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Thursday 31 May 2018

You Don't Have To Be Afraid

I was listening to Julian Cope's Peggy Suicide album last week. I was looking for something I hadn't heard for a long time to soundtrack my drive to the Lakes and it caught my eye. Released in 1991 it signalled a new Cope. He went on to make a further opus for Island, Jehovakill, who then dropped him, at this clear turning point in his career. It was the period when the post-80s pop Cope was formed, with his lyrical references to organised religion, feminism, paganism, ecology, Mother Earth, prehistoric sites- the Cope world view. It was also a move away from the pop sound of the previous decade and into a heavier, psychedelic rock sound. He was at a peak of press interest (the weeklies loved him and the new spate of monthlies were on board too). His hatred for the Thatcher government and the poll tax demonstrations/riots took pace during the making of Peggy Suicide, with Julian attending the London demonstration dressed as Squibsy.

Peggy Suicide is a double album and an 'artistic vision' record. The band were a mix of old (Donald Ross Skinner, Rooster Cosby) and new (Mike Joyce and Mike Mooney). Some of the songs sound, not dated maybe, but of their time- 1990/91 drum beats, Manchester funky rock- but there are some career highs here too, perfectly sequenced, leading us through the album in a certain order, lyrically and musically. Beautiful Love is a gorgeous, lightfooted calypso song about Albion and dolphins. Hanging Out & Hung Up On The Line is dense Detroit rock. Drive, She Said is a stunner. But on the drive up the M6 the one that struck me most was Safesurfer, seemingly a tribute and ode to contraception and safe sex, from the opening line 'I saw my old man exploding out of a tunnel' to the huge Mick Ronson- inspired guitar track. Eight minutes of epic Cope magnificence that no one else could have made.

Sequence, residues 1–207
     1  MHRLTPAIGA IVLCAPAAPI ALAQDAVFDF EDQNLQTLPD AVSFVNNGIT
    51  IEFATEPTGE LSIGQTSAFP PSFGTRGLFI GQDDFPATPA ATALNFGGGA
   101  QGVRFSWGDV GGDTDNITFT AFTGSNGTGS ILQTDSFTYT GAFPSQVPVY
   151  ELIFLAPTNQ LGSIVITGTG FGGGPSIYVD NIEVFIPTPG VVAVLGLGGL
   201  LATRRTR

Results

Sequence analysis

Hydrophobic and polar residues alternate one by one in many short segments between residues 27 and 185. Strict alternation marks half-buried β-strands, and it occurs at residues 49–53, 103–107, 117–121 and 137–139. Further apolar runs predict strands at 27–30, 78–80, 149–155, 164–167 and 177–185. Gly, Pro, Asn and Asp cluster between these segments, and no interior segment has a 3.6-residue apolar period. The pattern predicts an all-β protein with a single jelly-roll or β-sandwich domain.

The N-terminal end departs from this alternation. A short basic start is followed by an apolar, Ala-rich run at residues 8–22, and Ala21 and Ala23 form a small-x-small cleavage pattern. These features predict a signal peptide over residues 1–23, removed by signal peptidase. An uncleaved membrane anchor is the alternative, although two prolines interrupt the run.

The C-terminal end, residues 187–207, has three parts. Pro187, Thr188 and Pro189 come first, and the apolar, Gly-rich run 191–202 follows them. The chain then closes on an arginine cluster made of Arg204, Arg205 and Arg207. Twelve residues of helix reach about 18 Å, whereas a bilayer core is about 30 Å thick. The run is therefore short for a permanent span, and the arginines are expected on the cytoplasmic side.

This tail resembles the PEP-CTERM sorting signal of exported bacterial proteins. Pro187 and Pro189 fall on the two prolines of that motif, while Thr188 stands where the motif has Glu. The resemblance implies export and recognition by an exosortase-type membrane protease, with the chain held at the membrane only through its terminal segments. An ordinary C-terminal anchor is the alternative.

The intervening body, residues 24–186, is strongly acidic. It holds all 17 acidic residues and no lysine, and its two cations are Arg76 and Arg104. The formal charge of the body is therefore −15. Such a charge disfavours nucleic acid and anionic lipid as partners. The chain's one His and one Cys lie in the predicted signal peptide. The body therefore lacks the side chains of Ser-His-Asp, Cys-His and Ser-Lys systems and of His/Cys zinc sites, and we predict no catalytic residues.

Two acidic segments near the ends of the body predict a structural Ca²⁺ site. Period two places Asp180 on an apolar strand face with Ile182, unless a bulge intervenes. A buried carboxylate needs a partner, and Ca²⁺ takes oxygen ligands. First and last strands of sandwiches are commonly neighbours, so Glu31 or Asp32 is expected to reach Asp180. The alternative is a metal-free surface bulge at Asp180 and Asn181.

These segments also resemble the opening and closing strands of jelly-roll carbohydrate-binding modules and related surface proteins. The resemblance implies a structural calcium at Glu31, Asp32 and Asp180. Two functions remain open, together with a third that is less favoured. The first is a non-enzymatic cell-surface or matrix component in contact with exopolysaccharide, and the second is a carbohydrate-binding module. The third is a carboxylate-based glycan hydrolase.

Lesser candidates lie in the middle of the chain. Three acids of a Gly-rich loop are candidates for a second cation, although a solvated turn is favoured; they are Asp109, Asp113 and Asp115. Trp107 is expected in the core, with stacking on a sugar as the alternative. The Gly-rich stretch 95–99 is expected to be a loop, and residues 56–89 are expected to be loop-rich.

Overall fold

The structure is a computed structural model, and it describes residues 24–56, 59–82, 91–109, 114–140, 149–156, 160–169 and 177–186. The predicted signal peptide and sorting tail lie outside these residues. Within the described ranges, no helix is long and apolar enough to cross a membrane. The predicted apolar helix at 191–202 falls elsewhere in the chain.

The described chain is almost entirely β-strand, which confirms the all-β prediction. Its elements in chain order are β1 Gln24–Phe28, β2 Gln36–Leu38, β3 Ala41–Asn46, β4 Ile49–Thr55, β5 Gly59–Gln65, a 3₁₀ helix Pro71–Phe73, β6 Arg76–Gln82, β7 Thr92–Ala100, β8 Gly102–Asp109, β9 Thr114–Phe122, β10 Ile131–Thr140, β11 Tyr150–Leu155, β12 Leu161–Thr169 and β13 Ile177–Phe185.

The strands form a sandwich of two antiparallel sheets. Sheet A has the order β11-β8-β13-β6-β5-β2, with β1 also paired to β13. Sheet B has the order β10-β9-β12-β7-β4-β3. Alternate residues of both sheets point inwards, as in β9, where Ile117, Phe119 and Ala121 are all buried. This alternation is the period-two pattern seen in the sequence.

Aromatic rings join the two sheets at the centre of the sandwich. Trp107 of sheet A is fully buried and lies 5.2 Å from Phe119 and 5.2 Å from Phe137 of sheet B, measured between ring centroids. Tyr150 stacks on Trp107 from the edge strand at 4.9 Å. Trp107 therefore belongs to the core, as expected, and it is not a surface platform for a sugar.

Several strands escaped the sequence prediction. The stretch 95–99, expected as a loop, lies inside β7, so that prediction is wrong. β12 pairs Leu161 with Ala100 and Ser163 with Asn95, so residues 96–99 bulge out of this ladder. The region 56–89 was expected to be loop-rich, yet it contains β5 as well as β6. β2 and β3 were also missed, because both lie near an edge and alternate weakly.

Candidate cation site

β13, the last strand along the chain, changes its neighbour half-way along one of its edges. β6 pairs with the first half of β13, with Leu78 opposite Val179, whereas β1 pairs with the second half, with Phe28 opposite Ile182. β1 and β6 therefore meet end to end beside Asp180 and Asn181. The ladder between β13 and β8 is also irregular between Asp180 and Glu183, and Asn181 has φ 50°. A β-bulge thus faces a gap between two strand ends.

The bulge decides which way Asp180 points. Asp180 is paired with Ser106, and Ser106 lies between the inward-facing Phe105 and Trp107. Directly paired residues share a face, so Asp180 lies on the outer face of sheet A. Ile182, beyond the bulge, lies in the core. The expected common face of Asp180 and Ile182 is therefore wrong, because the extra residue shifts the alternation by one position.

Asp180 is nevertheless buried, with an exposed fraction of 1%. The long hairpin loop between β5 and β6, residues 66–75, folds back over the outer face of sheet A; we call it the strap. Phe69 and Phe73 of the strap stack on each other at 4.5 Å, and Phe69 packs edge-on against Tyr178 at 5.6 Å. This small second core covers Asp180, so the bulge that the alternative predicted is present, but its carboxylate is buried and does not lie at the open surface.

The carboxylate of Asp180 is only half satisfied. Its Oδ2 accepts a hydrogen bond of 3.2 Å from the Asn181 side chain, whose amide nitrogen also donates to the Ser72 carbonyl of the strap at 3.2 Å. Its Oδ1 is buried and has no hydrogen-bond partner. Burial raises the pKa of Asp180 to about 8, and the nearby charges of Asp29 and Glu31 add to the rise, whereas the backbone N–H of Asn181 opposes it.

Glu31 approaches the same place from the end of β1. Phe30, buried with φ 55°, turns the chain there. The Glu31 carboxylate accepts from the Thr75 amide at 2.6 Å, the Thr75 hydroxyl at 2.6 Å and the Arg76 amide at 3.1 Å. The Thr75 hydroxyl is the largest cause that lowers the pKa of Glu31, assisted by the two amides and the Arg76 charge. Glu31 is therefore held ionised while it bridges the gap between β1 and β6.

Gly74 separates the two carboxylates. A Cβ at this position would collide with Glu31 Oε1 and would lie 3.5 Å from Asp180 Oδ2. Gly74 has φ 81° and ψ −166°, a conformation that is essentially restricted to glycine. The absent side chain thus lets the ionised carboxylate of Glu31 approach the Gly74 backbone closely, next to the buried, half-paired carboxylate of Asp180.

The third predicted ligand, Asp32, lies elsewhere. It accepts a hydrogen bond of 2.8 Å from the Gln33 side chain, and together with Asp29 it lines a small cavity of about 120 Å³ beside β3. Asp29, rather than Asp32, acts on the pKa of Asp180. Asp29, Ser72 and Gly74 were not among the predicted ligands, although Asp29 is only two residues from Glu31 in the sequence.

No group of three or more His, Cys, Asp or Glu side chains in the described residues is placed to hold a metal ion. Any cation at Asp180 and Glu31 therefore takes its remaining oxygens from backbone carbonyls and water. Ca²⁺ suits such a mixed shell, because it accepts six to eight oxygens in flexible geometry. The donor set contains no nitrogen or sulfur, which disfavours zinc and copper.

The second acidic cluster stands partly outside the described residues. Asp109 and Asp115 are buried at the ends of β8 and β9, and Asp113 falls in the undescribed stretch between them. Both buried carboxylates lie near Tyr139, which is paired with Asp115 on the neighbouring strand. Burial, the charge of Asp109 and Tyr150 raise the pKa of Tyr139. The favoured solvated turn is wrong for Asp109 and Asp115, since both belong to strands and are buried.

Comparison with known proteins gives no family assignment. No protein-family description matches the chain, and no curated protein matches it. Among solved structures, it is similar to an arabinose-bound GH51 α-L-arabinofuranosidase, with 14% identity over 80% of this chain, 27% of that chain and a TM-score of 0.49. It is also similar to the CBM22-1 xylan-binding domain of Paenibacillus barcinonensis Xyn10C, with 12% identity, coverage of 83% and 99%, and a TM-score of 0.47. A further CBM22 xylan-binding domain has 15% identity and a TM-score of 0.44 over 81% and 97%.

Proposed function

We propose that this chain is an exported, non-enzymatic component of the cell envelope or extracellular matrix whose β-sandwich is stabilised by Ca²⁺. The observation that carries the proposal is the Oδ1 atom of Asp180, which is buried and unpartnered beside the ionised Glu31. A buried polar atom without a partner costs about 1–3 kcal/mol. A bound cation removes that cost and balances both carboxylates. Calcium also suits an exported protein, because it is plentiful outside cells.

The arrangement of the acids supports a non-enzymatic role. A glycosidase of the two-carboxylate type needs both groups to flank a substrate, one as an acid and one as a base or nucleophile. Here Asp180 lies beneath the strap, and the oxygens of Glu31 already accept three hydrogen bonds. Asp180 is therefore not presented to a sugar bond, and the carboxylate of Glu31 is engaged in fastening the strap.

Brian said...

An album I didn’t know until a few years ago. Probably learned of it from you, actually. Thanks.

Echorich said...

I was totally onboard with Cope when he "came back" in the mid 80's freshly showered and in shiny leathers, singing about Trampolenes and the World shutting its mouth. I worried with Skellington, that Cope was losing the plot again, but then came Peggy Suicide. It is a career record. Cope doesn't require you to think listening to Peggy Suicide. He's done all the thinking, done all the crying and the shouting.
Safesurfer is a track that I have shut down many an Oasis fan with over the years - using it as proof that self indulgence can produce real beauty in rock and roll, not just some muscular faffing about.

The Swede said...

I haven't played 'Peggy Suicide' for years, but how great does 'Safesurfer' sound on this Sunday afternoon? Marvellous. I'm off downstairs to dig out the CD.